GPL now blames weather, localised faults for recent power outages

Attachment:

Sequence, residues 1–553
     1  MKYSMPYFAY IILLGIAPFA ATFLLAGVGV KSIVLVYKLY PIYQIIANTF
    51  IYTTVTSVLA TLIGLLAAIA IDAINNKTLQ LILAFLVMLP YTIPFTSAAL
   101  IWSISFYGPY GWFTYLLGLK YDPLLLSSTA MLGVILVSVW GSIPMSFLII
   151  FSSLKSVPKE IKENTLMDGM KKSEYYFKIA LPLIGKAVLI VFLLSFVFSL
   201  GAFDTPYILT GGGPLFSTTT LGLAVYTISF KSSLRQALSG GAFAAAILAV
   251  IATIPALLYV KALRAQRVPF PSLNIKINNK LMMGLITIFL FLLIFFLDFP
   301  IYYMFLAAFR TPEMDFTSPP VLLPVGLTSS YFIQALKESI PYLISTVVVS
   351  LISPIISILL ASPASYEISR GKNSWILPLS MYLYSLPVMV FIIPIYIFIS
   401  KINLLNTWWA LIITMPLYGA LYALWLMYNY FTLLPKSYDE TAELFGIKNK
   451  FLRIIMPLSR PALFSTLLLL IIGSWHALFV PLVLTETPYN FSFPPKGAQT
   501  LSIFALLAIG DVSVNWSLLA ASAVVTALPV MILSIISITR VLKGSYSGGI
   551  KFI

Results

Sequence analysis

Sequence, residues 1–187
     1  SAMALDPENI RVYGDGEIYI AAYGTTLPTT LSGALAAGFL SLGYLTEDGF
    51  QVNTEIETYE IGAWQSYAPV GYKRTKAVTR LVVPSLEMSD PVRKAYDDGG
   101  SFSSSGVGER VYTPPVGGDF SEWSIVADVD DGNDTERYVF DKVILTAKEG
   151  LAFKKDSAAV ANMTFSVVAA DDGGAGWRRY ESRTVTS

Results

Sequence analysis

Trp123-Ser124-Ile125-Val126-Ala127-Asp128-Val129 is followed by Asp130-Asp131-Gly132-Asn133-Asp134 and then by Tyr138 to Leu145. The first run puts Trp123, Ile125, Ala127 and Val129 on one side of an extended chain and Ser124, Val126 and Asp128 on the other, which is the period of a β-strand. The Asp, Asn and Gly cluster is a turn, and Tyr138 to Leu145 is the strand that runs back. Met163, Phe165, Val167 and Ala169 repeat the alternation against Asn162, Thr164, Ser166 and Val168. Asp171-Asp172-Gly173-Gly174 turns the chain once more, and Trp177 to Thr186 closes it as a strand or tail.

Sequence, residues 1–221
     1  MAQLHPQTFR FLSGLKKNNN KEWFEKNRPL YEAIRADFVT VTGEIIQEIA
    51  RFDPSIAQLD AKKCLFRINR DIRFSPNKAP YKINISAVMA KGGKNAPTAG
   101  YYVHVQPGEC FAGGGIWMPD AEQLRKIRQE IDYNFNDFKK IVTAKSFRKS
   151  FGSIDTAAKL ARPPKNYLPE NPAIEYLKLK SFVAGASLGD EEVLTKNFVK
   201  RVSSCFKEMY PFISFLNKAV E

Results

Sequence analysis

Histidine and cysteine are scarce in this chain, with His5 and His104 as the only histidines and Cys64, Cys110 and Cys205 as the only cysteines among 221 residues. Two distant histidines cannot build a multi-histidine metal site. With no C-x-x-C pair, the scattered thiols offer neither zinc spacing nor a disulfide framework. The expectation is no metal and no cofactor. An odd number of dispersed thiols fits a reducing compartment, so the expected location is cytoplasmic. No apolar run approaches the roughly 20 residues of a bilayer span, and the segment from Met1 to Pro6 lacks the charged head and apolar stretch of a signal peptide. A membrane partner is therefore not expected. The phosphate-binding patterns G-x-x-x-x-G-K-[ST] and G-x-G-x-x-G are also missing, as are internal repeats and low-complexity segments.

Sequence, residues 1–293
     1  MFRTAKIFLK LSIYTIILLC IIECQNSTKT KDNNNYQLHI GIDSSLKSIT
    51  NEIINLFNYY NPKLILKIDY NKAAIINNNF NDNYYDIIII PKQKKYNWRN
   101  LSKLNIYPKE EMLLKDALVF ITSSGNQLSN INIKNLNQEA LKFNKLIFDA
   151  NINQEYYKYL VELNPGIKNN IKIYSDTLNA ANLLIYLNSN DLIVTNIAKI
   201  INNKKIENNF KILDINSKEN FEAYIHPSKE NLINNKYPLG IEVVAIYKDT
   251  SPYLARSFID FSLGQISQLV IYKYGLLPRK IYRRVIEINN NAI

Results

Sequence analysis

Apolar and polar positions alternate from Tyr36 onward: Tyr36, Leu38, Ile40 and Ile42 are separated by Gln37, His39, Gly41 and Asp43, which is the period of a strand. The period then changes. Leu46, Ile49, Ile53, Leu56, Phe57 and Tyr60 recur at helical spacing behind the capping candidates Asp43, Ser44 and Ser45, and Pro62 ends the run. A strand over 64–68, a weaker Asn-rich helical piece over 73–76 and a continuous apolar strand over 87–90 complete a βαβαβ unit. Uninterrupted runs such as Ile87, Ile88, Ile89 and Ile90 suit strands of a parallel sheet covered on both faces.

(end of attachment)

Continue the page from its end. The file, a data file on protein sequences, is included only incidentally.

first_imgAssistant Public Relations Officer (PRO) of the Guyana Power and Light Incorporated (GPL), Natalie Yearwood-Pindar, has said “localised faults” are why many areas across the country have been experiencing power outages over the past 48 hours.GPL’s Assistant Public Relations Officer, Natalie Yearwood-PindarLocalised faults are basically issues which affect a small group of persons within a community, the Assistant PRO explained. “The faults that occurred would have been for a number of reasons, including loose connections, problems with transformers, and fallen poles, all due to inclement weather within the past week,” Yearwood-Pindar is quoted by the Department of Public Information as saying.She added that once a report is received, a team is dispatched immediately to address the problem. Questioned as to whether these areas would have undergone maintenance, Pindar said maintenance is ongoing, and the weather was the main cause of the blackouts.The following areas are scheduled for maintenance between April 17 and 22, 2018: Unity Village, East Coast Demerara; Norton Street, Lodge and its environs; Shiv Chanderpaul Drive in Georgetown; the wards of Kitty, Campbellville, Newton, Subryanville, Prashad Nagar and Bel Air Park; and also Vlissengen Road.Chief Executive Officer (CEO) of the power utility company, Albert Gordon, announced earlier this month that US$110 million was needed to address the issue of ‘blackouts’. He explained that the existing infrastructure in the country is the main reason for the constant power outages.Though an official request has not been made to Cabinet, Minister of State, Joseph Harmon, has said the Government would provide some necessary funds to ensure an improved supply of electricity to citizens. However, the request for US$110 million has already brought up discussions about Government’s decision to scrap the Amaila Falls project.Amaila Falls could have been almost operational by now, and consumers could have been close to seeing an end to expensive and unreliable electricity. Guyana would, moreover, have been entering into the ranks of the top 10 users of clean energy worldwide.The project, which would have represented the largest foreign direct investment (FDI) in the country’s history, had the potential to reintegrate Guyana with the global capital markets for the first time in over 40 years.last_img

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